This section is from the book "Complete Self-Instructing Library Of Practical Photography", by J. B. Schriever. Also available from Amazon: Complete Self-Instructing Library Of Practical Photography.
A device used on the mechanical stage of a microscope to mark the position in the field of view.
The lens in a telescope or microscope placed nearest to the object. In the higher-class instruments it is usually composed of two or more lenses cemented together, one of which is flint glass, the remainder being of crown glass.
The front lens or combination of lenses in the telescope, microscope, stereopticon or camera.
Substances of viscous consistency having a more or less unctuous feel; are liquid at ordinary temperatures; are lighter than water, and are insoluble in it, but dissolve in alcohol, and more readily in ether; inflammable when heated in air, and burn with a luminous, smoky flame.
(See Lavender, Oil of.)
(See Acid Sulphuric.)
(See Paper, Oiled.)
The density of a negative, lantern-slide or positive.
A term applied to pictures made by various processes upon opal glass. The glass is coated with emulsion and worked similar to paper. The opal glass is obtainable for photographic purposes with either a plain polished surface or a finely ground surface. Owing to the softer effect given to the picture the latter is usually preferred.
A substance that is impervious to rays of light.
A point on the axis of a lens where every incident ray of light which passes through it continues in a path parallel to its original course; i.e., the direction of the ray is unaltered. The optical center is not necessarily the middle of the lens, or even inside it.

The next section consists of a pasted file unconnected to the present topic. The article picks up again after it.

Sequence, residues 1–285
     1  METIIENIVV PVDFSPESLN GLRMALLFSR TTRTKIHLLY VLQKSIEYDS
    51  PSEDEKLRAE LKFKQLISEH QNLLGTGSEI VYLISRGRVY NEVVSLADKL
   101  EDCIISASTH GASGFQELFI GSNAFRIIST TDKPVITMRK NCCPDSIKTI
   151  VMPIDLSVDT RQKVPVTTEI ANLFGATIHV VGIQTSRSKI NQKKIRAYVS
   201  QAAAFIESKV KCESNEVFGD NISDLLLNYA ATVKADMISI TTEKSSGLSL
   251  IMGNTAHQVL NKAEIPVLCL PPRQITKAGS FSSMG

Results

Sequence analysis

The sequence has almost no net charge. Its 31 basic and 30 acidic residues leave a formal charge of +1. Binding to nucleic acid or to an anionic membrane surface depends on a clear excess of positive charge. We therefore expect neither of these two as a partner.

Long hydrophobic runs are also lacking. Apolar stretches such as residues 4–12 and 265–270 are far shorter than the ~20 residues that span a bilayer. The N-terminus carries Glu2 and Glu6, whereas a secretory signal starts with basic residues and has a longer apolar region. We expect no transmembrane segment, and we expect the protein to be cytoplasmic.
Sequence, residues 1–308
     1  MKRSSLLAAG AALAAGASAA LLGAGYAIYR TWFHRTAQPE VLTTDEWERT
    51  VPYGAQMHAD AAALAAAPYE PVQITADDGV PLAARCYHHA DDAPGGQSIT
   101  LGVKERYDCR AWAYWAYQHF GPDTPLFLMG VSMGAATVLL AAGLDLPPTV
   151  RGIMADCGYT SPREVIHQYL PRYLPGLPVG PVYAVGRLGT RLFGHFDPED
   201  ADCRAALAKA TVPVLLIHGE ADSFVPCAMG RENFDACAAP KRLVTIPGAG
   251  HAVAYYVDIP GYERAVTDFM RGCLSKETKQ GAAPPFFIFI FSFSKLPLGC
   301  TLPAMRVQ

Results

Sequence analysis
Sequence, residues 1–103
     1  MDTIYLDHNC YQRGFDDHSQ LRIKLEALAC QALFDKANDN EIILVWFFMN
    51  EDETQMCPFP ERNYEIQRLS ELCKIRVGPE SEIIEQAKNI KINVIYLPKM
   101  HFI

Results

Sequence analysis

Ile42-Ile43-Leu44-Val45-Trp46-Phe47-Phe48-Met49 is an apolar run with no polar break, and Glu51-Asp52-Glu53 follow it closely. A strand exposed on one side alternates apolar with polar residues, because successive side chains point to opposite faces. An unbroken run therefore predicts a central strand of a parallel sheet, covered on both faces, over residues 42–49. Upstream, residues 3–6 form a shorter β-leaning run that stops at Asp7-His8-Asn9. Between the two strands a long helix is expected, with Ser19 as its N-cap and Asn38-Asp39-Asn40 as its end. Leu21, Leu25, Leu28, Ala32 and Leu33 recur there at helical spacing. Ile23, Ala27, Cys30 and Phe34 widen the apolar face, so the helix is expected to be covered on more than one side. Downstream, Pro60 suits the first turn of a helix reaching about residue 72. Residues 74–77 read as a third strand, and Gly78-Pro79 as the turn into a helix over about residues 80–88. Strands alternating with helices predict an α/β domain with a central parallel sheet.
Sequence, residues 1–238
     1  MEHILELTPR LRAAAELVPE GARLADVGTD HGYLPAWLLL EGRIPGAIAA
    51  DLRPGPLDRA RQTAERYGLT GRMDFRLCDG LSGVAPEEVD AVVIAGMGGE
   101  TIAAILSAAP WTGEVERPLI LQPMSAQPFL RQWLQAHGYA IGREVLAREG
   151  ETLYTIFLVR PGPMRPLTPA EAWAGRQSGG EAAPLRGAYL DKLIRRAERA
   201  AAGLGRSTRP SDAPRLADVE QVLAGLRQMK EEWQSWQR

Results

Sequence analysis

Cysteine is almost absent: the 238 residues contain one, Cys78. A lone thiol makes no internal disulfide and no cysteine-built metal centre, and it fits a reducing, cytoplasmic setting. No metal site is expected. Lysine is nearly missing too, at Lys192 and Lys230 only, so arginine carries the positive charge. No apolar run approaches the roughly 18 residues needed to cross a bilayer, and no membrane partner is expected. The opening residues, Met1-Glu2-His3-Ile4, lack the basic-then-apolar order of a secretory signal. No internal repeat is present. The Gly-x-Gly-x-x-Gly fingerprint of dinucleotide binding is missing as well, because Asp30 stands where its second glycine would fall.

A print is said to be in optical contact with glass when it is firmly attached to it with no intervening air.
Usually crown or flint glass, specially manufactured for the construction of lenses.
Stereopticon or Magic Lantern. A form of apparatus used for projecting magnified images upon a white screen. Various forms of illumination may be employed.
A term relating or pertaining to vision or sight; subservient to the faculty or function of seeing; i. e., that which assists one to see more clearly.
(See Chemistry, Organic.)
Pertaining to substances which have organs. Therefore, pertaining to the animal and vegetable life and structure. Ex.: Sugar is an organic product or substance.
A photographic term denoting the correct rendering of colors; i. e., free from the usual photographic fault of exaggerating the deepness of greens, yellows and reds, and the brightness of blues and violets.
(See Plates, Orthochromatic.)
To make orthochromatic.